Wolves for example are a vector of rabies, hydatid disease and other diseases that can cause “bodily harm” – even death. The whole measure of the law is your “good faith belief”. If you’re building fence and see a wolf or grizzly within a short distance of a cow (and so am you), there is no way on earth you could outrun either the cow or the wolf. You could shoot – and under the Act would be justified.

Introduction by Editor

Language in the Endangered Species Act does not prohibit killing certain endangered species if a person believes there is a threat to property or life by such a protected animal or group of animals. Wolves have been introduced into settled landscapes throughout North America for several decades, for the purported purpose of saving them from extinction. Although wolf numbers were drastically reduced over two centuries with hunting, trapping, poisoning and other population control methods, it’s still debatable whether or not the highly-prolific, highly-adaptable canids were ever actually endangered as a species.

In 2020, with left-wing activists in state and local governments advocating for more wolves in settled landscapes–not to save the species but to drive ranchers and livestock off the land–wolf populations in Canada, Washington, Oregon, Idaho, Montana, Wyoming, New Mexico and throughout the Midwest are exploding. Some states still allow hunting and trapping of the dangerous predators, and others wrangle in court on a near-constant basis over whether or not ranchers, farmers and other private citizens can protect their animals and families from wolves.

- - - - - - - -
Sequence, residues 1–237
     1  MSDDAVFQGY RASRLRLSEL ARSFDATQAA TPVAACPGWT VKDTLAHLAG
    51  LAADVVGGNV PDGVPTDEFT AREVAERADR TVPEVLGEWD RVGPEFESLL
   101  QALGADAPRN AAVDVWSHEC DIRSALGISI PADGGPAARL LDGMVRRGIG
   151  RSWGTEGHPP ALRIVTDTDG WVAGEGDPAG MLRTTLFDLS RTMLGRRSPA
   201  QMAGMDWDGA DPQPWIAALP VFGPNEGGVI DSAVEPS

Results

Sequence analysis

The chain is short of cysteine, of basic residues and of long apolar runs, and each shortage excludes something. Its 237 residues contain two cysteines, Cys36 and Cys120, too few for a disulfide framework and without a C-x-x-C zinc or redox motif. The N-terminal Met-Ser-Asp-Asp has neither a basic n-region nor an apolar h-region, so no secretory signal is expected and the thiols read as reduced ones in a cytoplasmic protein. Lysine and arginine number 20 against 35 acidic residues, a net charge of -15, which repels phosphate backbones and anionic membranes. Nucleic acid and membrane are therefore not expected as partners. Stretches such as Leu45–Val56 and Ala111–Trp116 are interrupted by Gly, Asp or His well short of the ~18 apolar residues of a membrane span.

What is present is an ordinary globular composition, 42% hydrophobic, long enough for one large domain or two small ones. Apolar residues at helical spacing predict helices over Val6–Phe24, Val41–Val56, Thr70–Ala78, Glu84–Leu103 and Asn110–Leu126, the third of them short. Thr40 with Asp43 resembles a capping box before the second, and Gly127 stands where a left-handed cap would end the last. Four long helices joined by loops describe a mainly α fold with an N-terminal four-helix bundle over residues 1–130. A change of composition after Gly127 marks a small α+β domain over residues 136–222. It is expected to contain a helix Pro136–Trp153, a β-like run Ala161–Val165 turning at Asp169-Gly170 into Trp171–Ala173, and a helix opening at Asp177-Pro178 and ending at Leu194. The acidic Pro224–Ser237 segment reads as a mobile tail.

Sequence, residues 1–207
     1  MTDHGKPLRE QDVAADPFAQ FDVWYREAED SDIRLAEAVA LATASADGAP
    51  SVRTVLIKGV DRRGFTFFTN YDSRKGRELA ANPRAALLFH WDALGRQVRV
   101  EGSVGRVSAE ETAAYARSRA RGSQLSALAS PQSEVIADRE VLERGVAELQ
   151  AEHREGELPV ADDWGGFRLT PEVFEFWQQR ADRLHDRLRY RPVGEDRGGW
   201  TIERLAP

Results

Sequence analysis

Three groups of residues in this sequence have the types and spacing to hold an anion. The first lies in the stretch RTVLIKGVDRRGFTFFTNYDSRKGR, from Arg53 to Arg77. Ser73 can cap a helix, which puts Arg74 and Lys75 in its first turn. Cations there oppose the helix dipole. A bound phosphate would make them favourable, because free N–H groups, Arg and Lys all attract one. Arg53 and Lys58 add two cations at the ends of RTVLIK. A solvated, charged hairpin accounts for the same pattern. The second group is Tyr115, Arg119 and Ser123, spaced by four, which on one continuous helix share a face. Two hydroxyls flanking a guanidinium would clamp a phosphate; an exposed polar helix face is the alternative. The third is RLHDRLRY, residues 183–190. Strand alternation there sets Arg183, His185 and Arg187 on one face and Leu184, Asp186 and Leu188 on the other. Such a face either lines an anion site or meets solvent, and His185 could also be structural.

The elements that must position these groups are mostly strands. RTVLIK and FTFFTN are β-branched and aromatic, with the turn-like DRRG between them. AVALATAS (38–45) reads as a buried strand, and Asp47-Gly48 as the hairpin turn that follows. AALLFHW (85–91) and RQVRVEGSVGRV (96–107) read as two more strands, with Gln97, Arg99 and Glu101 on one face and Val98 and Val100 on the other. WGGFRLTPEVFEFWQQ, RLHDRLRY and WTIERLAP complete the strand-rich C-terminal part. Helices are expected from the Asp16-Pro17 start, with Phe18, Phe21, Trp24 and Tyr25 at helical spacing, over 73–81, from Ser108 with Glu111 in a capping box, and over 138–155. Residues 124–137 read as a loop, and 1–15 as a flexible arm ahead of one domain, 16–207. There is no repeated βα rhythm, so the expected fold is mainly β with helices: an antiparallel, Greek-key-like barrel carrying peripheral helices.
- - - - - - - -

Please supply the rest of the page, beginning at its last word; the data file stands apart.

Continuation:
Ironically, as is illustrated in the RANGE magazine article from Spring of 2019, The Destruction of Nature, the reintroduction of wolves is not saving them from extinction, but is transforming the true, genetically pure wolf into a genetically hybridized population of degraded, disease-carrying dog-coyote-wolf mongrels.

Nevertheless, as Dr. Angus McIntosh explains below, the Endangered Species Act provides for the rights of anyone who feels threatened with bodily harm by any version of “wolf” to protect themselves, and their property with the use of deadly force.

Explanation by Angus McIntosh

The 1978 amendment to ESA states you can kill an endangered species animal if you have a “good faith belief” that it could cause bodily harm to a person (including yourself). It doesn’t specify that the bodily harm must be a physical attack.

Wolves for example are a vector of rabies, hydatid disease and other diseases that can cause “bodily harm” – even death. The whole measure of the law is your “good faith belief”. If you’re building fence and see a wolf or grizzly within a short distance of a cow (and so am you), there is no way on earth you could outrun either the cow or the wolf. You could shoot – and under the Act would be justified.

Notably the provision does NOT specify how one can kill the offending animal.

See the text below


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